LOS ANGELES (CBSLA.com/AP) — The University of California, Berkeley, will ask some freshman applicants to submit letters of recommendation from teachers and mentors this fall, and the UC system is considering having all campuses eventually do the same, according to a report.

The new policy at UC Berkeley – a significant break from tradition – is optional and limited this year, the Los Angeles Times reported Sunday.

The decision has triggered debate at other UC campuses and high schools around the state about the value of such letters and whether they hurt or help the chances of public school students.

Supporters say a recommendation letter can boost the chances of a deserving student whose test scores don’t fully reflect his or her achievements and who did not have help from parents or private consultants in writing personal statements.

“I think it gives colleges a chance to know who you are, not just your academic profile, but who you are as a person,” said Tricia Lopez, a senior at Downtown Magnets High School.

Lopez plans to double major in creative writing and international relations and says her top college choice is UC Berkeley.

Critics question the letters’ worth in predicting college success and say they can reinforce advantages of well-connected students and those who attend private high schools with small classes and ample counseling staff.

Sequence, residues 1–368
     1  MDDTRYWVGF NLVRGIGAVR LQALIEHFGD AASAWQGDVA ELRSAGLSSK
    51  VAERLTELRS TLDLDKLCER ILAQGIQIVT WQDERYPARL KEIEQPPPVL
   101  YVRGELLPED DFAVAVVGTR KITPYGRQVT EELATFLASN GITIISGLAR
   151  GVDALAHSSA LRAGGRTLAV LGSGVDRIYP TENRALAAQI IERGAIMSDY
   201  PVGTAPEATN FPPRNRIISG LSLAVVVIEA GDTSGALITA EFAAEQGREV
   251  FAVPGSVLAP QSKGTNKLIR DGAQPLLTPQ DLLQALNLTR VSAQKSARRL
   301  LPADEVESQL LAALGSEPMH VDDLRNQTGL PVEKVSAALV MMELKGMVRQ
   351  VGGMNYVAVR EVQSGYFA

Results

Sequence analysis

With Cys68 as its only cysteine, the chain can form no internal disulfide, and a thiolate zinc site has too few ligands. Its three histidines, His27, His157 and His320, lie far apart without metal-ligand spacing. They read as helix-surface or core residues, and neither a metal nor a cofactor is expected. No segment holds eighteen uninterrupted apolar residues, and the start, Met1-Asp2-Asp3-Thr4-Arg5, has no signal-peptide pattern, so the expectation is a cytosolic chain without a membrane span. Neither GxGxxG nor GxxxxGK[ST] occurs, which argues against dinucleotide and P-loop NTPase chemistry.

Lynda McGhee, Lopez’s guidance counselor, says public school teachers and counselors are overloaded already and many won’t have time to carefully craft strong letters that compare to other letters students from small, private institutions may receive.

“I don’t think it’s a good idea because I don’t think it will be a fair process,” McGhee said.

Adding even optional recommendations to all UC applications “would be a sea change,” said Stephen Handel, UC’s associate vice president for undergraduate admissions. Upcoming deliberation will have to measure the usefulness in admissions decisions against concerns that a change might “inadvertently disenfranchise certain students from even applying,” he told the Times.

UC generally has not asked for recommendations in its main undergraduate applications. It relies instead on high school grades, standardized test scores, personal essays and a review of students’ accomplishments and personal challenges.

UC Berkeley had planned to ask, but not require, all undergraduate applicants this fall to submit two letters of recommendation, including one from a teacher. But that idea sparked opposition statewide and was reduced in scope.

A committee of UC admissions officers is studying various changes to the online application that all nine undergraduate campuses share, including whether letters should be implemented system-wide.

A report is expected this fall, and proposed policy changes face review by faculty and top UC administrators, the newspaper said.

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